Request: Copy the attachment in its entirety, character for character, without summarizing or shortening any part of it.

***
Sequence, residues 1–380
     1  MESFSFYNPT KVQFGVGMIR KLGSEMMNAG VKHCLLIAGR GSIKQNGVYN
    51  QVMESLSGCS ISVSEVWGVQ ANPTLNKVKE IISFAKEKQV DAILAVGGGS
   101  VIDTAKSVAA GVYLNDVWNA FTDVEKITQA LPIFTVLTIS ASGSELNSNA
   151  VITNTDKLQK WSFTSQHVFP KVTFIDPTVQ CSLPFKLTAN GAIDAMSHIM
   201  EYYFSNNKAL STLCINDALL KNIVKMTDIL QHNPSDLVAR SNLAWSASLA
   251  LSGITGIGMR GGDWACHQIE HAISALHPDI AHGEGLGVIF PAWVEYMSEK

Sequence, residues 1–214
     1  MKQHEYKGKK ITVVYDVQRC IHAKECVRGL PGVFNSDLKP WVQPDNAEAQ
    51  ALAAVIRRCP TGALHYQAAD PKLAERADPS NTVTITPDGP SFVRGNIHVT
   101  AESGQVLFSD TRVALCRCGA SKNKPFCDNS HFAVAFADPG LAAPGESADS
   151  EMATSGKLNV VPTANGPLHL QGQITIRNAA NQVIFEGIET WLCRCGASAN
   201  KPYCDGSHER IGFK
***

Sequence, residues 1–380
     1  MESFSFYNPT KVQFGVGMIR KLGSEMMNAG VKHCLLIAGR GSIKQNGVYN
    51  QVMESLSGCS ISVSEVWGVQ ANPTLNKVKE IISFAKEKQV DAILAVGGGS
   101  VIDTAKSVAA GVYLNDVWNA FTDVEKITQA LPIFTVLTIS ASGSELNSNA
   151  VITNTDKLQK WSFTSQHVFP KVTFIDPTVQ CSLPFKLTAN GAIDAMSHIM
   201  EYYFSNNKAL STLCINDALL KNIVKMTDIL QHNPSDLVAR SNLAWSASLA
   251  LSGITGIGMR GGDWACHQIE HAISALHPDI AHGEGLGVIF PAWVEYMSEK

Sequence, residues 1–214
     1  MKQHEYKGKK ITVVYDVQRC IHAKECVRGL PGVFNSDLKP WVQPDNAEAQ
    51  ALAAVIRRCP TGALHYQAAD PKLAERADPS NTVTITPDGP SFVRGNIHVT
   101  AESGQVLFSD TRVALCRCGA SKNKPFCDNS HFAVAFADPG LAAPGESADS
   151  EMATSGKLNV VPTANGPLHL QGQITIRNAA NQVIFEGIET WLCRCGASAN
   201  KPYCDGSHER IGFK